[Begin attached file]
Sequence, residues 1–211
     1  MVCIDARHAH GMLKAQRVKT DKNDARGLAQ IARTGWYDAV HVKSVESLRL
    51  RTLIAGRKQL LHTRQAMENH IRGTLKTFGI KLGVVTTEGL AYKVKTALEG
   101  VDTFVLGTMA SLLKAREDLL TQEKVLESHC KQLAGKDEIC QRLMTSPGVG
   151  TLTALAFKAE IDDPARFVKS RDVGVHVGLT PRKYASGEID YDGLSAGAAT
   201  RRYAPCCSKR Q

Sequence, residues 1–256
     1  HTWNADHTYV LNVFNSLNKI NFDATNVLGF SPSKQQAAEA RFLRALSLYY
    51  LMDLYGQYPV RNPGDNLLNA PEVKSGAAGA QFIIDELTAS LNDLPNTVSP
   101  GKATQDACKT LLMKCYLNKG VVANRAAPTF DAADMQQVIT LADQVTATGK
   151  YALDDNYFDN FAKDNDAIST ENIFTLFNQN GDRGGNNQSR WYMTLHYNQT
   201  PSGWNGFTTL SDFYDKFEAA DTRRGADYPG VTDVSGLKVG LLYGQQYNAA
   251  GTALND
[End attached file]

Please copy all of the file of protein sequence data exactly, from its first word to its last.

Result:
Sequence, residues 1–211
     1  MVCIDARHAH GMLKAQRVKT DKNDARGLAQ IARTGWYDAV HVKSVESLRL
    51  RTLIAGRKQL LHTRQAMENH IRGTLKTFGI KLGVVTTEGL AYKVKTALEG
   101  VDTFVLGTMA SLLKAREDLL TQEKVLESHC KQLAGKDEIC QRLMTSPGVG
   151  TLTALAFKAE IDDPARFVKS RDVGVHVGLT PRKYASGEID YDGLSAGAAT
   201  RRYAPCCSKR Q

Sequence, residues 1–256
     1  HTWNADHTYV LNVFNSLNKI NFDATNVLGF SPSKQQAAEA RFLRALSLYY
    51  LMDLYGQYPV RNPGDNLLNA PEVKSGAAGA QFIIDELTAS LNDLPNTVSP
   101  GKATQDACKT LLMKCYLNKG VVANRAAPTF DAADMQQVIT LADQVTATGK
   151  YALDDNYFDN FAKDNDAIST ENIFTLFNQN GDRGGNNQSR WYMTLHYNQT
   201  PSGWNGFTTL SDFYDKFEAA DTRRGADYPG VTDVSGLKVG LLYGQQYNAA
   251  GTALND